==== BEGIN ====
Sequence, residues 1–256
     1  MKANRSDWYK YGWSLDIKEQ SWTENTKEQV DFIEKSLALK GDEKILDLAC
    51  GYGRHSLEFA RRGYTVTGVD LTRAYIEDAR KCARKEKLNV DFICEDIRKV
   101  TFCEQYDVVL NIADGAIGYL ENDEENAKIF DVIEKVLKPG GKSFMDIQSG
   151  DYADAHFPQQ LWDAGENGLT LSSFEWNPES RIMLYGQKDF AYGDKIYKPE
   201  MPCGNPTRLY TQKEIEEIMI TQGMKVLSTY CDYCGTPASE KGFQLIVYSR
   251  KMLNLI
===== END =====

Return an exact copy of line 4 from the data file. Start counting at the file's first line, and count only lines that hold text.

   101  TFCEQYDVVL NIADGAIGYL ENDEENAKIF DVIEKVLKPG GKSFMDIQSG